Showing posts with label Siepeltjespot (Dutch Cranberry Sauerkraut Casserole). Show all posts
Showing posts with label Siepeltjespot (Dutch Cranberry Sauerkraut Casserole). Show all posts


With a new year, come new opportunities. Ever year, butchers, bakers and candlestick makers (well...maybe not these last ones) sign up to participate in the many professional competitions that the country is rich. Best sausage, best roll, best anything-you-can-think of....throughout the year we do our fair share of tasting, eating, testing and some more taste-testing. Hey, we love good food!

The Netherlands loves to showcase the amazing skills their artisan food makers possess, and is proud of its many producers. Today's recipe is based on an award-winning dish from Butcher Gerard Koekman of Nieuwegein, who won the competition for best oven casserole several years ago. It pairs ground beef with bacon, sauerkraut, mashed potatoes and Dutch cranberries. Now, wait a minute! Dutch cranberries? Yup. Read on.

A looooong time ago, around 1845, vats of cranberries reached the shores of the island of Terschelling, presumably all the way from America. Excited, the beach combers ran out to gather the wooden barrels, thinking it contained wine. Imagine their disappointment when they found only hard, sour red berries in the barrel. Disgusted, they threw the berries in the sand dunes and went on with their day. At least, so the story goes.

Several of those berries caught on and soon the island of Terschelling, on the northern Dutch coast, was growing cranberries. The tart fruit never made it much further than jam, sauce or beverage material, but nevertheless it's something to be proud of.

Fast forward to right around now. Butcher Koekman found an old recipe from the Cranberry barn on Terschelling, adjusted it to his liking and hey presto! won the national casserole competition and eternal fame. The dish is called "siepeltjespot" and is presumably an old-fashioned dish from the Terschelling island. It's quick to make, and is a very comforting dish: the smokyness of the bacon, the sauerkraut and the sweetness of the cranberry compote go beautifully with the creamy mashed potatoes. We did a bit of adjusting of our own, and it's a winner alright!!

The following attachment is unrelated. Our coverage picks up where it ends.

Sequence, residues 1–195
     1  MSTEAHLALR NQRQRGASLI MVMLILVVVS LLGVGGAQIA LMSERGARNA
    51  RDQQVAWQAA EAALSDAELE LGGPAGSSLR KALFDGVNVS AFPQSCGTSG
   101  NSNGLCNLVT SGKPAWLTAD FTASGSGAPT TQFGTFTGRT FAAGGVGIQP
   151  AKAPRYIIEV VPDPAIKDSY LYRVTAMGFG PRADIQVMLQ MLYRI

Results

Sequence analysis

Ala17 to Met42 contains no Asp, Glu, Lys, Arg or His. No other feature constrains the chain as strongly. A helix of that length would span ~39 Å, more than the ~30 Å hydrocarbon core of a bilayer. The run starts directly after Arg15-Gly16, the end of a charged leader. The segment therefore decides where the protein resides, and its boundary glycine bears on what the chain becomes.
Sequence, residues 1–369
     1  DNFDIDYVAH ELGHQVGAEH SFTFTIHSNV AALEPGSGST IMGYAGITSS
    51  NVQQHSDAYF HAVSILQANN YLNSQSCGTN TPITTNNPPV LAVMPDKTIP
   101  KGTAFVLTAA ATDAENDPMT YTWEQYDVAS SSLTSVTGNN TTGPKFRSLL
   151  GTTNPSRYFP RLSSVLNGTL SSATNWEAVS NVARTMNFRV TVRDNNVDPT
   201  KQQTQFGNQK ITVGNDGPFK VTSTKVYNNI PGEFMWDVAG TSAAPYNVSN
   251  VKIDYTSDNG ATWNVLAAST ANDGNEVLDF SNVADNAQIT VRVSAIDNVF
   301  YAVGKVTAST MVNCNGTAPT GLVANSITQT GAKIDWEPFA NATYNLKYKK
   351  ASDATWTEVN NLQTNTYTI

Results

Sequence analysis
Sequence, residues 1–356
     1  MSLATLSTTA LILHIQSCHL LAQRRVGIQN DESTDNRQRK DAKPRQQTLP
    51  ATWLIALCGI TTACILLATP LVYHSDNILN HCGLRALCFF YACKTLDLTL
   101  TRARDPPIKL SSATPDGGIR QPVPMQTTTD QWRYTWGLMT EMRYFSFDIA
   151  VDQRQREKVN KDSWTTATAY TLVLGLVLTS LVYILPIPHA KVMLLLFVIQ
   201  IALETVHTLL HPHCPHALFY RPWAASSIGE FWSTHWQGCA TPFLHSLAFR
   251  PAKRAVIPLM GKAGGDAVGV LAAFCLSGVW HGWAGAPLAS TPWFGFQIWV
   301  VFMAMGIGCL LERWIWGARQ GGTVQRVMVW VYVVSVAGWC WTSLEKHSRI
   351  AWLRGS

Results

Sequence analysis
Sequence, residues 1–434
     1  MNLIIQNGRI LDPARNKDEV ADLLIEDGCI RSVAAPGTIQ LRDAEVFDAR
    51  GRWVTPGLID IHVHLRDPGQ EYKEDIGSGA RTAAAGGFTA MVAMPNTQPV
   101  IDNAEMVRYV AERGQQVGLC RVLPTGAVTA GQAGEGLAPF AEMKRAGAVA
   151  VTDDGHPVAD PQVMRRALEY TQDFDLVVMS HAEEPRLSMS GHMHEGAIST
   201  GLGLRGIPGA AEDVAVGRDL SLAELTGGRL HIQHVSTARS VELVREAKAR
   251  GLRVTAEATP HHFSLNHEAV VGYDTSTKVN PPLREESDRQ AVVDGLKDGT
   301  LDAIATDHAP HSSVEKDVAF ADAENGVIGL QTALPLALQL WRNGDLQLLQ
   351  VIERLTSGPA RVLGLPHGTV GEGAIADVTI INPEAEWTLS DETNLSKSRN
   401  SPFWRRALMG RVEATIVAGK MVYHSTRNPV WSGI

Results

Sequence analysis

5 slices smoky bacon
1 lb (450 grams) ground beef
1 small onion, chopped
10 oz (275 grams) sauerkraut
1 cup (280 grams) cranberry compote*
6 medium (1 kg) potatoes
4 tablespoons (60 grams) butter, divided
1/2 cup (125 ml) milk
Pinch of salt

Dice the bacon and slowly render it in a skillet. Remove but one tablespoon of fat. Add the ground beef and the small onion to the bacon in the skillet and brown the beef. Season to your liking. In the meantime, peel, quarter and boil the potatoes. When done, pour off the water, and mash the taters with two tablespoons of butter and the milk. Add a pinch of salt. Adjust the amount of milk if needed.

Add a thin layer of mashed potatoes to the bottom of a casserole dish. Put the ground beef on top (drain any fat previously!). Squeeze any juice from the sauerkraut and distribute it evenly on top. Spread the cranberry compote over the sauerkraut and top with the rest of the mashed potatoes.

Bake the casserole in a 350F/175C oven for thirty minutes. After twenty minutes, dot the potatoes with little flecks of the remaining butter and bake the casserole until the top is golden brown. You may broil it for some extra golden goodness!

Serve warm.

* This is a great opportunity to use up your leftover cranberry sauce from Thanksgiving or Christmas. If you are caught without, boil three cups of cranberries in a cup of water, three tablespoons of sugar, a sprig of rosemary, two garlic cloves, a bay leaf and a splash of balsamic vinegar, until the berries pop. Purée, taste and adjust the flavors. A can of cranberry sauce will do in a bind, but don't use cranberry jam or preserves: they are too sweet.